Ghana must avoid ‘resource nationalism’ to benefit from gold, says economist

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The gold-mining town of Obuasi, Ghana in 2019. Ghana was formerly called the Gold Coast because of gold found in the Obuasi and Ashanti regions. REUTERS/Francis Kokoroko.
Rising gold prices and the dwindling appeal of South Africa as a production source should be the perfect backdrop for Ghana to extend its lead as Africa’s biggest producer of the yellow metal.

Gold has risen about 30% over the last 12 months even as mining majors have sought to diversify away from South Africa, due to problems such as electricity supply, labour relations and diminishing yields from deep mines.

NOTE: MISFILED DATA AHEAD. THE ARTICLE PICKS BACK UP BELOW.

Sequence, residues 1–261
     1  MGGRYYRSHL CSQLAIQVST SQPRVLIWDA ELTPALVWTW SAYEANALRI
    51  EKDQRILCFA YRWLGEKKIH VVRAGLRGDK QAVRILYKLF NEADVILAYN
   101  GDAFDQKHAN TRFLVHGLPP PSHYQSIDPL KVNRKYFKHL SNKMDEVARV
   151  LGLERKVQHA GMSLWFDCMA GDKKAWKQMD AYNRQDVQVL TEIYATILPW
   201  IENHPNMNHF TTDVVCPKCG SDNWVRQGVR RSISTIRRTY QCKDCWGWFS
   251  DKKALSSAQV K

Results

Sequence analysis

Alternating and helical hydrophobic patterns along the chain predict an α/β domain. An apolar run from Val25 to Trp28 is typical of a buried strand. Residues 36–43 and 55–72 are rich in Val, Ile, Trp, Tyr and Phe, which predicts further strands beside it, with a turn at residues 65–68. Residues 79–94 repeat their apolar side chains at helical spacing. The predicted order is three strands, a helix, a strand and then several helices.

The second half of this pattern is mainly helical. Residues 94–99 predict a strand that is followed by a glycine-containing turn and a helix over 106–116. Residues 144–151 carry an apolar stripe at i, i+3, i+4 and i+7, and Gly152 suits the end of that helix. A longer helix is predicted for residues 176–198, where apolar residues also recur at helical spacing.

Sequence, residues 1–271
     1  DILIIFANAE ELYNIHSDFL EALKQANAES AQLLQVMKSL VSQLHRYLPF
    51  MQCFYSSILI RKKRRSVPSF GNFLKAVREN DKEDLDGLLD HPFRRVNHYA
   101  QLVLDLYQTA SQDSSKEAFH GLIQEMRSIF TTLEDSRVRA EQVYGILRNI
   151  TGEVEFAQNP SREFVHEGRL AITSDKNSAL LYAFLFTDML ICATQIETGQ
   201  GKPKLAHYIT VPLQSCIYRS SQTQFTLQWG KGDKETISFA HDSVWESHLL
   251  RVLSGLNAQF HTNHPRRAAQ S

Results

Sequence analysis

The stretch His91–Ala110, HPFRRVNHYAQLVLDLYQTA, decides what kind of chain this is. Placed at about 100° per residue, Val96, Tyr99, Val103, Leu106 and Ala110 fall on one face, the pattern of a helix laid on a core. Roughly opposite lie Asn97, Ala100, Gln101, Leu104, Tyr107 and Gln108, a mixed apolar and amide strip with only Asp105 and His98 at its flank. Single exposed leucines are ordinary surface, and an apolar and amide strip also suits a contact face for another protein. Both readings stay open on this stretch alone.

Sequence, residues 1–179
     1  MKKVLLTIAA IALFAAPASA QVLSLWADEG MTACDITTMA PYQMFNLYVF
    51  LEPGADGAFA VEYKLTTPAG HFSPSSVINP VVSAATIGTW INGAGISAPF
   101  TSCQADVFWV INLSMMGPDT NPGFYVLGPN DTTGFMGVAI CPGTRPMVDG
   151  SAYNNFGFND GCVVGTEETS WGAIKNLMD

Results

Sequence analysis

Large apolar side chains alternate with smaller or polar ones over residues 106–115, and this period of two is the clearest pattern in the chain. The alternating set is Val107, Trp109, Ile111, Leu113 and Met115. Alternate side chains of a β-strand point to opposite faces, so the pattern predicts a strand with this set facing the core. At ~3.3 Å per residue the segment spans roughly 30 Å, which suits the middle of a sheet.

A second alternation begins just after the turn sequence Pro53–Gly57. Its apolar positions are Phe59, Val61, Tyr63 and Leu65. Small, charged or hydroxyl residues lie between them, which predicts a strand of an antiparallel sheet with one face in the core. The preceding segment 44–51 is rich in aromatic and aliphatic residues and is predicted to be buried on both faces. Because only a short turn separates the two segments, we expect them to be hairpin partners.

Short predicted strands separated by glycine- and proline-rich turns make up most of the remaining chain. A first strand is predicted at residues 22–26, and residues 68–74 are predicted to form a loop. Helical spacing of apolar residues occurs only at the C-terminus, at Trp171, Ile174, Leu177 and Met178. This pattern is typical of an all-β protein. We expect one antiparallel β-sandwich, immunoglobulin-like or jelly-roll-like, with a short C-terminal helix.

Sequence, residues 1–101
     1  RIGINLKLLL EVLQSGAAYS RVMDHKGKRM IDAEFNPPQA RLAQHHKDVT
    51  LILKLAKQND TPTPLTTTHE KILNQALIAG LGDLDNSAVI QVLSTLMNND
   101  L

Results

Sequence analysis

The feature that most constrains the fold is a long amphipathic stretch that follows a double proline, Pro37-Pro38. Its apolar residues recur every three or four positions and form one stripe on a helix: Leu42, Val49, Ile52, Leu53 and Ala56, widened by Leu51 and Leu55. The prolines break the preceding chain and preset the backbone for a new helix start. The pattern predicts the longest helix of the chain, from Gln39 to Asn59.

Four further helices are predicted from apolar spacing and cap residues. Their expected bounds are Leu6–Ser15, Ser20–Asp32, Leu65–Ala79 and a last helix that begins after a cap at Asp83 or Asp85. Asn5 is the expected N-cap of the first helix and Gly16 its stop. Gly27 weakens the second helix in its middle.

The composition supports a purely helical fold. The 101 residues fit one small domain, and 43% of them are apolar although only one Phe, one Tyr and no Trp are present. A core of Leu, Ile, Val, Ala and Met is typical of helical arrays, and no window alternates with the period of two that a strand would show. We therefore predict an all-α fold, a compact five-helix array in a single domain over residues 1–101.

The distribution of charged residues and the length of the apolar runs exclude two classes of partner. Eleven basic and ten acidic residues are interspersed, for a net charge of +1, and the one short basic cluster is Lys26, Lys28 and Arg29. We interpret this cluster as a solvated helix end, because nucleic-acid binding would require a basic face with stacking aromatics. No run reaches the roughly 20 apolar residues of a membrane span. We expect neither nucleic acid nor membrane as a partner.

It looks like a perfect scenario for Ghana. Fitch Solutions expects gold production in Ghana to grow 9% in 2021, after COVID-19 held back 2020 growth to just 2%. But the threat of resource nationalism under re-elected president Nana Akufo-Addo could undermine his country’s ability to keep pole position.

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Resource nationalism is not unique to Africa and is also faced by mining investors in Russia or South America. Yet Ghana’s need to raise cash from royalties as fast as possible may reduce its attractiveness to majors. Akufo-Addo’s re-election as president will mean a continuation of the agenda to monetise future royalties, posing risks to mining investment in Ghana, says Fitch.

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